“It was inappropriate what you did.” I tried to tell him. ”You don’t barge into someone else’s session.”  “You wait until your appointment time.” “You take turns.” “Everything isn’t about what you want at that moment.” “ It was rude.”

“But she said I could go in.” “I knocked.” “I wanted to go in and how is it rude when she said I could go?”

Needless to say this went on until we finally got into the doctor’s office. I told him that collegeman has been like this for weeks now. That he does not see any social situation correctly and is refusing to listen to anything I tell him. He is being quite difficult and not wanting to acknowledge that he did anything wrong.

The doctor called collegeman in right away and together we tried to explain to him what was wrong with the scenario. We tired to explain to him that the other mother saw him run in, all disheveled (remember he was carrying all his important objects of the moment in his hands at the time too), looking rather upset and thought there was probably an emergency. As a mother of a child who also needs to see a psychiatrist she most likely thought there was a trauma of some kind and wanted collegeman to get help ASAP.

Collegeman insisted I did not know that was what she thought. “You are not allowed to assume,” he kept saying. “You need hard facts,” he kept saying.

I tried to explain body language and appearance and how any other person might have assumed that there was a problem by the way he was acting. In fact the psychiatrist pointed out that he might not even realize that this was the way he was coming across. Collegeman of course argued with the doctor that that was not it at all. She was just having manners and that it was rude of him to not accept. Collegeman would not listen. He kept fighting with us for almost an hour.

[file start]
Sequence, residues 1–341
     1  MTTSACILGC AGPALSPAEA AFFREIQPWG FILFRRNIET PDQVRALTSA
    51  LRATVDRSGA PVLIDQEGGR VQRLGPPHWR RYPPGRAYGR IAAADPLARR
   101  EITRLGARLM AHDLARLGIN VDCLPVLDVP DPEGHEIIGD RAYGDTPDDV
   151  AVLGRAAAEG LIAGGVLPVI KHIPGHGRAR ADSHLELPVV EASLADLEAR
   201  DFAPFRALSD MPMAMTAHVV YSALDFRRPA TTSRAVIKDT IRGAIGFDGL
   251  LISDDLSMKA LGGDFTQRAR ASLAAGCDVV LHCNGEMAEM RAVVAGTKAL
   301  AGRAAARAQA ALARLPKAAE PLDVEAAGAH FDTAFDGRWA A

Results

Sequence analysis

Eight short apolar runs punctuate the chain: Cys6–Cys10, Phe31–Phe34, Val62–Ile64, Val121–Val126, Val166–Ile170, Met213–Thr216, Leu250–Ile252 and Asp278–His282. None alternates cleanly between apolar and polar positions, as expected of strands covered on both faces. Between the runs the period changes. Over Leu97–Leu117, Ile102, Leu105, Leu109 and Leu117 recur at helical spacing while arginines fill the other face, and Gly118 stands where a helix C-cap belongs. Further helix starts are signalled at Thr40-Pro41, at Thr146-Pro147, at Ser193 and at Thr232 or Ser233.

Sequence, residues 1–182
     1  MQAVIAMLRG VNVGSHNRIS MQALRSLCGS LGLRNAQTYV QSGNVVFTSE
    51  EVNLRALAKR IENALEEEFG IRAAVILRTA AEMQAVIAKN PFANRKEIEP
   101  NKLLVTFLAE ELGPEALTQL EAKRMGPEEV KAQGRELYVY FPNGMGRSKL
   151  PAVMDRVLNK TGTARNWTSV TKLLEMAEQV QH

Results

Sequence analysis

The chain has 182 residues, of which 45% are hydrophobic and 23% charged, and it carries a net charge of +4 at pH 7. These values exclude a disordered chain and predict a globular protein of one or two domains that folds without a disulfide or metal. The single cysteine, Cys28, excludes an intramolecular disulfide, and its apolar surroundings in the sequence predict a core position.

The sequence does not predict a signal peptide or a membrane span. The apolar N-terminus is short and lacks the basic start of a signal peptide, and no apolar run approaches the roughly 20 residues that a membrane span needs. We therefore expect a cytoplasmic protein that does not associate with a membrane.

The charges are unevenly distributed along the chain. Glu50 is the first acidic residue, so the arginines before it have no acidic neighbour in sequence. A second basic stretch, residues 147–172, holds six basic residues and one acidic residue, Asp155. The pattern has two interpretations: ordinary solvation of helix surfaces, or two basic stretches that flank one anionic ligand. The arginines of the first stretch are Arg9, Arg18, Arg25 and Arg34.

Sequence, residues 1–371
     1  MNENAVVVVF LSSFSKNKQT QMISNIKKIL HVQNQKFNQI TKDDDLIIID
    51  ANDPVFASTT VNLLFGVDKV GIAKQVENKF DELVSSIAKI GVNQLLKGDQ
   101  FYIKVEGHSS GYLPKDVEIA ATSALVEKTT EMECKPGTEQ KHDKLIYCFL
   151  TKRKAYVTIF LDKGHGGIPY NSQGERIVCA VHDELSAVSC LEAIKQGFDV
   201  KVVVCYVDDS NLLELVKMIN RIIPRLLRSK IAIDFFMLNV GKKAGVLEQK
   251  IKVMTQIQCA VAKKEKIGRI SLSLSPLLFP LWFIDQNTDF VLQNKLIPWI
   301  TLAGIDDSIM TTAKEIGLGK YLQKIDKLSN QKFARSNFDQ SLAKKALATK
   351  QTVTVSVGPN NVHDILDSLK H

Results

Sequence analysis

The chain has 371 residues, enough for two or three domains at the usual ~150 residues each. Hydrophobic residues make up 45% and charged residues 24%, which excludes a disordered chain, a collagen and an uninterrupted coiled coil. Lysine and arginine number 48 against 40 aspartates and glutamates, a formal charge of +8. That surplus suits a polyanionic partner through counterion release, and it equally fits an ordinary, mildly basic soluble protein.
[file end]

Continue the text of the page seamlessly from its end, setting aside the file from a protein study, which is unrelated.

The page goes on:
The psychiatrist tried to point out to him that even if she did let him go in first, did she realize that collegeman’s appointment was for over an hour and that her son’s appointment was for 15 minutes. That even if she was being kind, the doctor tried to explain, it did not mean she thought she would have to wait for an hour for collegeman. “How do you know?” collegeman asked.

The psychiatrist tired to explain to collegeman that we as adults were reading body language and understand how other adults think and act. That we are able to read situations and how someone behaves to try to parcel out how they feel, what they are thinking and what emotional state they happen to be in. That is what people do. Everything is not about exact protocol and exact rules and regulations. (Of course for a person taught through hard and fast rules this is very confusing.)

We told him under the rules and regulations guise, he should wait for his appointment time. There was no reason to try to go earlier. We were over 30 minutes early and even if collegeman wanted to let the doctor know that we had arrived, he should wait until the appointment time and then knock on the door. That yes, knocking is very polite, but that doesn’t mean it excuses when you knock at inappropriate times. In a doctor’s office you have to wait your turn. Your appointment is not more important than someone else. That even if someone offers you his or her appointment you should not take it if you know you have a long appointment ahead of you.